When the subprime crisis first struck, Wall Street wondered whether it would spread to prime lenders such as Washington Mutual (NYSE:WM) and Bank of America (NYSE:BAC). Many investors appear to believe that it will. Put me on that list.

Why? Blame the National Federation of Independent Businesses. A 2005 report from that trade group, which represents entrepreneurs, found that 86% of small businesses that sought loans in the last three years successfully obtained them.

Who's writing these loans? Professional traffic dodgers? Alligator wrestlers? Those Alaskan king crab fishermen from Deadliest Catch? Surely they must be thrill-seekers. Quoting from VentureWire's coverage of the report, "Credit availability has moved from a critical issue for many to an afterthought for most."

Hey, here's a thought: Maybe it was supposed to be hard to get these loans. Maybe the bankers who had the wheel before the daredevils took over realized that, according to academic research, a third of small businesses fail within two years and more than half don't survive to see their fifth birthday.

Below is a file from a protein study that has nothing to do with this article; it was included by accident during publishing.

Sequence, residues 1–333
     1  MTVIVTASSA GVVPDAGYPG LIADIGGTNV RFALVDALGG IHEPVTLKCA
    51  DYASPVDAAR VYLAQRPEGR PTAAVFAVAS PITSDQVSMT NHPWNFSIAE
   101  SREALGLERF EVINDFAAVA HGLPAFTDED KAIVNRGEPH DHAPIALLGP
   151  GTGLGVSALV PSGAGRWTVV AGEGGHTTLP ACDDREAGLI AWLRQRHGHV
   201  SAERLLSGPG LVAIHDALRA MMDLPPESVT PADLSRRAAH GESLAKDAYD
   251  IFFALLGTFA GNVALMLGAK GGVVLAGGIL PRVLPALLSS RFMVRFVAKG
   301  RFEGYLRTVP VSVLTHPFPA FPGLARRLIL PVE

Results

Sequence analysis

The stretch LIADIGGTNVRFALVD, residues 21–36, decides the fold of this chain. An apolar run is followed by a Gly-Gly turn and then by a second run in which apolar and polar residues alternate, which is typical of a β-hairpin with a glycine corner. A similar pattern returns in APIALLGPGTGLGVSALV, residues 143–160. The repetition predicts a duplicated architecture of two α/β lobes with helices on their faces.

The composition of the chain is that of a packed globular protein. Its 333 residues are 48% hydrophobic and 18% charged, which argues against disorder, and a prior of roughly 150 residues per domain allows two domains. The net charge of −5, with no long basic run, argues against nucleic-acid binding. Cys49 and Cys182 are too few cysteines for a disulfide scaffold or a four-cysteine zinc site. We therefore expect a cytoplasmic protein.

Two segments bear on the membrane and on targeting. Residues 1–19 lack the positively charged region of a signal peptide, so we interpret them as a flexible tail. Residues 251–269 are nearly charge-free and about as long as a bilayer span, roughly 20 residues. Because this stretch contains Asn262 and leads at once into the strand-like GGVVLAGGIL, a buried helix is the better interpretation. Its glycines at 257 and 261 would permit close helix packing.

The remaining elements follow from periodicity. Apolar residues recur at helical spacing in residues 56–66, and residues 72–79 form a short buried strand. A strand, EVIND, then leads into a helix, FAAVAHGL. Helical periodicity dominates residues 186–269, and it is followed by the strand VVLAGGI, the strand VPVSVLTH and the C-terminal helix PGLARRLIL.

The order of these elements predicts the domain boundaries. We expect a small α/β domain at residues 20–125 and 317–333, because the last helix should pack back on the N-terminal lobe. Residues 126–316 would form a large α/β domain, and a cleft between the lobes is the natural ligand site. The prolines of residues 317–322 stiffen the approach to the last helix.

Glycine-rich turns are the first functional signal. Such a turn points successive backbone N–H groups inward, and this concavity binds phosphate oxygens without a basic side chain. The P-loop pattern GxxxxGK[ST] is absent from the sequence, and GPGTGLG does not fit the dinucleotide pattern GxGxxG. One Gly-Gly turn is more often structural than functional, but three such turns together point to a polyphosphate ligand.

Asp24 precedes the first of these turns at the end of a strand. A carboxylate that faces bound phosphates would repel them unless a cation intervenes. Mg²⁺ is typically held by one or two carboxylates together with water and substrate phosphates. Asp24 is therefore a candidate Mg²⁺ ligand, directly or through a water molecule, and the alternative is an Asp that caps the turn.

Or, in simpler terms: Maybe they did the math.

To be fair, the SBA provides banks insurance by backing many small business loans. And some banks are taking the further step of increasing loss reserves for the business loans they write. Combined, these steps should offset much of the danger inherent with loose lending standards.

But business lending can't forever remain at historic highs. That's why this cold war against well-financed private equity firms and hedge funds looks to me increasingly like a war of attrition. If I'm right, then the SBA will enforce tighter lending standards on banks at some point. When that day arrives, it will visit still more casualties upon thousands of already-wounded portfolios. Don't let yours be among them.

Do you agree? Disagree? Let me know.

Washington Mutual and Bank of America are Income Investor recommendations.

Fool contributor Tim Beyers probably borrows more than he should. Tim didn't own shares in any of the companies mentioned in this article at the time of publication. The Motley Fool's disclosure policy would like to borrow a cup of sugar for the cake it's baking in honor of your portfolio's returns.